Image: Baker family with Honda Civic GX
Mario Pirraglia  /  AP
In this photo provided by FuelMaker Corp., Dan Baker plays with his two children at his home in Chandler, Ariz. In the garage is a Honda Civic GX with a home refueling machine just above Baker's head. A fueling line is plugged into the GX.
updated 4/22/2005 7:45:52 AM ET 2005-04-22T11:45:52

In what it describes as an industry first, Honda Motor Co. is offering a natural gas vehicle with its own home refueling machine at dealerships in California.

Honda said Thursday it has been offering its Honda Civic GX sedan to fleet operators for seven years, and estimates there are 7,000 of the natural gas-powered vehicles on the road. But this will be the first time consumers can buy the vehicle in a dealership and lease a refueling machine to go along with it.

"Driving a natural gas vehicle has never been so convenient," said Gunnar Lindstrom, Honda's manager of alternative fuel vehicle sales.

Honda said it expects to sell about 300 of the vehicles this year through 17 dealerships in northern and southern California. Toronto-based FuelMaker Corp., which makes the refueling machine, also will make the machine available to consumers in Arizona, Salt Lake City, Dallas and Milwaukee, although the Civic GX won't be on sale in those cities.

Honda said the Civic GX can go up to 220 miles without refueling and costs about 3.75 cents per mile to fuel. A conventional, gasoline-powered Civic can go approximately 350 miles without refueling and costs 8.8 cents per mile to fuel.

The Civic GX has some of the lowest emissions of any vehicle on the road, Honda said. On average, a car with a natural gas-powered internal-combustion engine emits 87 percent less nitrogen oxide, 70 percent less carbon monoxide and 25 less carbon dioxide than a car with an engine that uses gasoline, according to Honda.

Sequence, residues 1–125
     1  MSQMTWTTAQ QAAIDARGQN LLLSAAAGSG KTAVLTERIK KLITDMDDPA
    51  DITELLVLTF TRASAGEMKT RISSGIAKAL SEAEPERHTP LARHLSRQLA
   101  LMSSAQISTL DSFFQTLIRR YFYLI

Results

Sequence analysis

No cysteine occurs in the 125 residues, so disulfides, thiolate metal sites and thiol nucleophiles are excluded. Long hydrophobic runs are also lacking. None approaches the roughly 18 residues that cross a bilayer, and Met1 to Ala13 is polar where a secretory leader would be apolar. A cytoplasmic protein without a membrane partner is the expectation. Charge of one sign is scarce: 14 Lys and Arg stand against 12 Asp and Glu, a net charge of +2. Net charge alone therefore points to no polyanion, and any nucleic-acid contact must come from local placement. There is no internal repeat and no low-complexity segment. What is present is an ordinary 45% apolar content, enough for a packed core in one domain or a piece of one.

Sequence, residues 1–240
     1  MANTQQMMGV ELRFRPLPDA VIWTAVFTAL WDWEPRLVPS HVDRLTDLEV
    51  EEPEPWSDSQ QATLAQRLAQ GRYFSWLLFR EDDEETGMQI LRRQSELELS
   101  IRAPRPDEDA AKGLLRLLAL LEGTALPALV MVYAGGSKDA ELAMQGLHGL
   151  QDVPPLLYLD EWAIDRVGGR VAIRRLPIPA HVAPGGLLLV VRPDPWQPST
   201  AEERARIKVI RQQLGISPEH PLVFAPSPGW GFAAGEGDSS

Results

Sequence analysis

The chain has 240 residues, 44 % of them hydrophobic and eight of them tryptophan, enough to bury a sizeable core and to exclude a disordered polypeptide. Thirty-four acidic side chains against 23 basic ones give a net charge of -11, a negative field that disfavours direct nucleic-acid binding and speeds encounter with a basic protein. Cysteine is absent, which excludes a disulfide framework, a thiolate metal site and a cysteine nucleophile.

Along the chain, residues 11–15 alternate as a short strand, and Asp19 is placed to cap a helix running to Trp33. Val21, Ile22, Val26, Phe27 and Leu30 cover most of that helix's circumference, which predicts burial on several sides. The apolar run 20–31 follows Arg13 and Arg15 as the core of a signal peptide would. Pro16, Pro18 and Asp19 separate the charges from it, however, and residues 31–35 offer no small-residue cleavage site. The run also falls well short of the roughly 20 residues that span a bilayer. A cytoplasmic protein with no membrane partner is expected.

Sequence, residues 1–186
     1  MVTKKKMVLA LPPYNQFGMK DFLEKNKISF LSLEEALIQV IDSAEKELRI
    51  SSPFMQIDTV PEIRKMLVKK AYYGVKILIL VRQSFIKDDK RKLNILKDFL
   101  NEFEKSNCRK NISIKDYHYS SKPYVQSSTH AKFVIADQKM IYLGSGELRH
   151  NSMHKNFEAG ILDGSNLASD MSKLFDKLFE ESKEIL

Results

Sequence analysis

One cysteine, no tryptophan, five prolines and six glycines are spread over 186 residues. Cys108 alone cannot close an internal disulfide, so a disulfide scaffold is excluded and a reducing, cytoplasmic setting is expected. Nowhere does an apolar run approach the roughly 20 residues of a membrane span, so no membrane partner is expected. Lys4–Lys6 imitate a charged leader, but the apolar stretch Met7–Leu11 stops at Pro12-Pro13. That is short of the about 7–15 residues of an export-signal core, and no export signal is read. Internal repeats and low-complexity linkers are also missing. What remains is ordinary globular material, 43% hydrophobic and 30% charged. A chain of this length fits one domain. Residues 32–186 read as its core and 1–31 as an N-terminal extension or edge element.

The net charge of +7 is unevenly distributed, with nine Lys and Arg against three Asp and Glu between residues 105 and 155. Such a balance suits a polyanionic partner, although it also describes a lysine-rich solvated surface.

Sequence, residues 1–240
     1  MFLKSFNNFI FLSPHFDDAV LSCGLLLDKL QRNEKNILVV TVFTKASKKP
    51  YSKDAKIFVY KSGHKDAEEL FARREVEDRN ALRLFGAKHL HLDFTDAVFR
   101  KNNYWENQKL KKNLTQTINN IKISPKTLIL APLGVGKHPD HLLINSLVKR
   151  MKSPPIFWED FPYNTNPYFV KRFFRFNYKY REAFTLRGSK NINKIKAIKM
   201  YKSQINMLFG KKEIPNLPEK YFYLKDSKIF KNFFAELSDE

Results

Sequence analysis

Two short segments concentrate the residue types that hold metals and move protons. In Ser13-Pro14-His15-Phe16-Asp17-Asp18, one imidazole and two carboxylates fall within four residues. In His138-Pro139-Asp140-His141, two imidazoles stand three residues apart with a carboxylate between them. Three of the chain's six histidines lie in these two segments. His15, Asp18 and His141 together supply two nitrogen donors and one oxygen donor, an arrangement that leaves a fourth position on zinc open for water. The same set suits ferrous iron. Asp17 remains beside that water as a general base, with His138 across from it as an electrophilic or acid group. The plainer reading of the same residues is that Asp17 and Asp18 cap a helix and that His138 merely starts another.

The refueling machine uses a home's existing natural gas lines and can be installed for $500 to $1,500. Dealers will lease it for between $34 and $79 a month, Honda said. The lower leasing price factors in possible clean-vehicle incentives from state and local governments, Honda said.

There are a few downsides. If the vehicle runs out of natural gas on the road, it would have to be towed to the owners' home or one of the 100 California gas stations that now have natural gas refueling tanks. The refueling machine also takes eight hours to fuel the vehicle, which means consumers most likely would have to fill it overnight.

"The car is clearly not your primary car. It's your commuter car, your secondary car," Lindstrom said.

FuelMaker said the machine is registered as a household appliance and is no more dangerous than any other appliances that use natural gas.

Toyota Motor Co. spokeswoman Cindy Knight said Honda's offer likely is a first. Toyota offers no similar vehicle or home refueling option, Knight said.

The Civic GX has a 1.7-liter, 4-cylinder engine and starts at $21,670. Buyers can take advantage of a $2,000 federal tax deduction for alternative fuel vehicles.

© 2013 The Associated Press. All rights reserved. This material may not be published, broadcast, rewritten or redistributed.

Discuss:

Discussion comments

,

Most active discussions

  1. votes comments
  2. votes comments
  3. votes comments
  4. votes comments

Data: Latest rates in the US

Home equity rates View rates in your area
Home equity type Today +/- Chart
$30K HELOC FICO 2.79%
$30K home equity loan FICO 5.78%
$75K home equity loan FICO 4.54%
Credit card rates View more rates
Card type Today +/- Last Week
Low Interest Cards 13.57%
13.57%
Cash Back Cards 17.91%
17.91%
Rewards Cards 17.15%
17.15%
Source: Bankrate.com